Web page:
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Youth Development Strategy Table—a unified voice for youth programs.

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In a year like no other, School’s Out Washington saw how youth workers and organizations came together and reimagined what it meant to support children, youth, and families. Below is one of 20 people and organizations that inspired us in 2020. Read the full report.

Community members prepare for Advocacy Day.
Community members prepare for Advocacy Day.

Advocacy has always been a crucial part of SOWA’s work—championing funding and support for expanded learning opportunities across the state. Like so many things, that work shifted dramatically in the last year.  

Legislators and state agency staff saw the immense value of child care and youth development providers. Organizations came together to share information, uplift one another, and ensure responsive supports were in place for youth and families most impacted by the pandemic.  

Out of that momentum came the Youth Development Strategy Table—a unified voice for funding and supports for youth programs. Co-led by SOWA, Youth Development Executives of King County, Communities in Schools of Washington, and Mentor Washington, this coalition is made up of advocacy groups, community-based organizations, and public agencies across the state of Washington.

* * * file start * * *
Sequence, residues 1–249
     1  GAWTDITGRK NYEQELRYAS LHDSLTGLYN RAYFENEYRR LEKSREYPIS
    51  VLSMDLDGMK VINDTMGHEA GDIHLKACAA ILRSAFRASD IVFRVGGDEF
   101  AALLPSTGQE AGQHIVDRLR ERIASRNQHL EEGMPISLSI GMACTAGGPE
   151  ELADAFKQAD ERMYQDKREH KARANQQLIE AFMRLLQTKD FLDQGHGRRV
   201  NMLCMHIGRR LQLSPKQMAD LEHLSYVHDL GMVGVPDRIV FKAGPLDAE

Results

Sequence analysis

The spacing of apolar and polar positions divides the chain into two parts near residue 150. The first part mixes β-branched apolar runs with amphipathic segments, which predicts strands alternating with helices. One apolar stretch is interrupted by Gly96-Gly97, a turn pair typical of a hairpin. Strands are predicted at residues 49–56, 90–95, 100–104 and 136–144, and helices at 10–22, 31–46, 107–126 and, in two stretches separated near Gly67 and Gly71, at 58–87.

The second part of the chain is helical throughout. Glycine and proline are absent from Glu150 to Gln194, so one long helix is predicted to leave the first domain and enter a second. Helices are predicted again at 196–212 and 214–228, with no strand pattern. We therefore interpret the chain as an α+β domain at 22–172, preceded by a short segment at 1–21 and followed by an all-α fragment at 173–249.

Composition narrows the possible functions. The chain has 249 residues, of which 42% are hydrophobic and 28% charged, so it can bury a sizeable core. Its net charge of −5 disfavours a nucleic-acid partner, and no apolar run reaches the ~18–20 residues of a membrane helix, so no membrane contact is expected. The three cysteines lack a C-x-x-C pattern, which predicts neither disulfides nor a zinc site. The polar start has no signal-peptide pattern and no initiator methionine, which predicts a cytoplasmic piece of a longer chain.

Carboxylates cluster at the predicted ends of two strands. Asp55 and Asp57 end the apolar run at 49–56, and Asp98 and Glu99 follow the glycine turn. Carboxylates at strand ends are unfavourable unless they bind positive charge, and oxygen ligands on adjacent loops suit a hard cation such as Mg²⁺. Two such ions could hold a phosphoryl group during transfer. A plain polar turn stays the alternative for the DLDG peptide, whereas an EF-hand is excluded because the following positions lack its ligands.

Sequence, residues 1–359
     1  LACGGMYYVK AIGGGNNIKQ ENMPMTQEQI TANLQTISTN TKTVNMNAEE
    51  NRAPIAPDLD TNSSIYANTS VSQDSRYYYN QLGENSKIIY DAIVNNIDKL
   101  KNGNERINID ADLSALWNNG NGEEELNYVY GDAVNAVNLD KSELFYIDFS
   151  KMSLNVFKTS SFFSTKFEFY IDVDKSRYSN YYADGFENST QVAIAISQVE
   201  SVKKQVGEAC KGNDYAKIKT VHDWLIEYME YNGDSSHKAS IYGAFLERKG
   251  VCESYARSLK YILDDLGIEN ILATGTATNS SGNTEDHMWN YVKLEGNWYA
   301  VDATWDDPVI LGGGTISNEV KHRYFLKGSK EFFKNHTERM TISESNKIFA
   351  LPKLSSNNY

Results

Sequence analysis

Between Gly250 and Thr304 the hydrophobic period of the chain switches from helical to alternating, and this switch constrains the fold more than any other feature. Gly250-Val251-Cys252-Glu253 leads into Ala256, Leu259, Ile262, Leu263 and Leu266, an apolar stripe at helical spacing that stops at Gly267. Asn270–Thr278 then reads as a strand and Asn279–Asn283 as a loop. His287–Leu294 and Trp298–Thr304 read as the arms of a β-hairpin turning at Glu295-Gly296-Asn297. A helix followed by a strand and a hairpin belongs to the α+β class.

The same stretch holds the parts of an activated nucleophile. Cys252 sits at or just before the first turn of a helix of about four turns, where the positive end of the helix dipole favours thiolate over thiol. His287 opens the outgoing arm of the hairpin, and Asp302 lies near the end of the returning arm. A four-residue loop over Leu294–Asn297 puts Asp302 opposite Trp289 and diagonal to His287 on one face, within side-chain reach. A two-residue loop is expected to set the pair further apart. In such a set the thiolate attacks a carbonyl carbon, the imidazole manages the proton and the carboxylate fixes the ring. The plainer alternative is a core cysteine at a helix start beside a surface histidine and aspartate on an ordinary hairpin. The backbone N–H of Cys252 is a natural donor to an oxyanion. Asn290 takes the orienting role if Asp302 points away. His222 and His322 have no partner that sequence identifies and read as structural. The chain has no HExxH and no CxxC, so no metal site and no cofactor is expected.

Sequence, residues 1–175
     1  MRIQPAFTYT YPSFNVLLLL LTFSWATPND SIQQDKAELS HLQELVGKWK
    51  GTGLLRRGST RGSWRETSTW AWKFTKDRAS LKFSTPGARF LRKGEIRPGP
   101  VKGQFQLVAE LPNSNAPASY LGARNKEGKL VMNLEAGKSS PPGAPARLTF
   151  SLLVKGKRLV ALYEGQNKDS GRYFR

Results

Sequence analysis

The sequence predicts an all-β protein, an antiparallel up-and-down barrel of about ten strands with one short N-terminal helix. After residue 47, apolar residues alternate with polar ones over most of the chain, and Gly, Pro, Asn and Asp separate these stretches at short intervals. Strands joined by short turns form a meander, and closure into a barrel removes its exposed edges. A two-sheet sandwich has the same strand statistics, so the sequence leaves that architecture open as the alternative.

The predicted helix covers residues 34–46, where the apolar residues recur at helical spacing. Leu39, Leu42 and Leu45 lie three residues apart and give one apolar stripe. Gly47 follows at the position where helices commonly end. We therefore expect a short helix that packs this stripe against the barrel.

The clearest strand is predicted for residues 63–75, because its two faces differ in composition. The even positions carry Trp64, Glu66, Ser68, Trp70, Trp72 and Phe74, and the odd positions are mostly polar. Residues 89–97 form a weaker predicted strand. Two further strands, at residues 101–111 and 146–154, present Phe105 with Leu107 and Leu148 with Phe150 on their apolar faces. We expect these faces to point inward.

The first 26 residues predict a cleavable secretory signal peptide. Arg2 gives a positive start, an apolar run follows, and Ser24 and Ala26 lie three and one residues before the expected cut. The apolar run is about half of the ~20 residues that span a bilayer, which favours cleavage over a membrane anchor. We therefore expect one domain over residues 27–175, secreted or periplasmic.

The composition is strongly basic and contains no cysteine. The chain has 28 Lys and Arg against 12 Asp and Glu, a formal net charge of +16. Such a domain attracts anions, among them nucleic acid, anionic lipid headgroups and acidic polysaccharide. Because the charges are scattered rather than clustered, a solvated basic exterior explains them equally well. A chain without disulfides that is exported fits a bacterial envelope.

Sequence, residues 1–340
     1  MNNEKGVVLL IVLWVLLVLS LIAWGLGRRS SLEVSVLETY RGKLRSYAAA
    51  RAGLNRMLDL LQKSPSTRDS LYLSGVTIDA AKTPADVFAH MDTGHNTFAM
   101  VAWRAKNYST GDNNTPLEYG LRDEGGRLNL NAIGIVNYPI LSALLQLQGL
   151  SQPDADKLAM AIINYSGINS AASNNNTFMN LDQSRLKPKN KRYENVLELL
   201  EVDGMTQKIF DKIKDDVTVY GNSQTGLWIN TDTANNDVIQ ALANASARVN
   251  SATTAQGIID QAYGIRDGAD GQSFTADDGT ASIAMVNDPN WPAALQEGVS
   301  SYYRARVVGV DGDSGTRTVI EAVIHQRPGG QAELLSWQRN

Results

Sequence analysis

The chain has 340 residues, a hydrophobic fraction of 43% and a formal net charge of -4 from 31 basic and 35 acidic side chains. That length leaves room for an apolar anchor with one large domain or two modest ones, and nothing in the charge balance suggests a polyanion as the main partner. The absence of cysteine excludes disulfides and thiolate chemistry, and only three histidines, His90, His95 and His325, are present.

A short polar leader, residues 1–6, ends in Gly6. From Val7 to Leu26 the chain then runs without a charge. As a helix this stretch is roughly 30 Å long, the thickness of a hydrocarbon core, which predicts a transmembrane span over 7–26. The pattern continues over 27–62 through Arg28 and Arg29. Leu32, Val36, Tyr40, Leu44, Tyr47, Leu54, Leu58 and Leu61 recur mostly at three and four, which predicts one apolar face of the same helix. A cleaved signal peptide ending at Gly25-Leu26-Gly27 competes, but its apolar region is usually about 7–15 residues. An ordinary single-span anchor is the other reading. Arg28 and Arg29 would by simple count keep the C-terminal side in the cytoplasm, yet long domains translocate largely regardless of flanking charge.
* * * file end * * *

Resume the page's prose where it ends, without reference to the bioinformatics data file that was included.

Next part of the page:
James Miles, executive director of Mentor Washington, is especially eager to support smaller organizations, especially those with BIPOC leaders from the furthest corners of the state.  

“To have a collective group of people and organizations working to support youth and youth programs on a state level is definitely a game changer. We are helping to maintain and uplift the cultural fabric of the region,” says Miles.  

“To have a collective group of people and organizations working to support youth and youth programs on a state level is definitely a game changer. We are helping to maintain and uplift the cultural fabric of the region.”

James Miles, Executive Director of Mentor Washington

Jeannie Nist, associate director of Communities in Schools of Washington, adds, “We are working collectively to elevate the entire field. Please join us—I look forward to collaborating with youth development partners in the upcoming year!” 

“Collaborative work results in collaborative wins and I’m excited to continue this momentum, trust, and work together for years to come,” says David Beard, policy and advocacy director of SOWA.  

2020 Washington State Advocacy Wins: 

  • $10 million in COVID relief funding to youth development programs through the Washington State Department of Commerce 
  • $8.1 million in funding to community-based organizations partnering to support youth in the pandemic through the Washington State Office of Superintendent of Public Instruction 
  • CARES Act (Coronavirus Aid, Relief, and Economic Security Act) funding to bolster school age child care programs 
  • Strong partnership with Governor Inslee’s Office, legislators, and DCYF regarding information to and input from the field regarding pandemic-related strategies and decisions. This collaboration led to the most successful session ever held for expanded learning in 2021.

For more information or to join the YDST, visit ydstrategy.org.  

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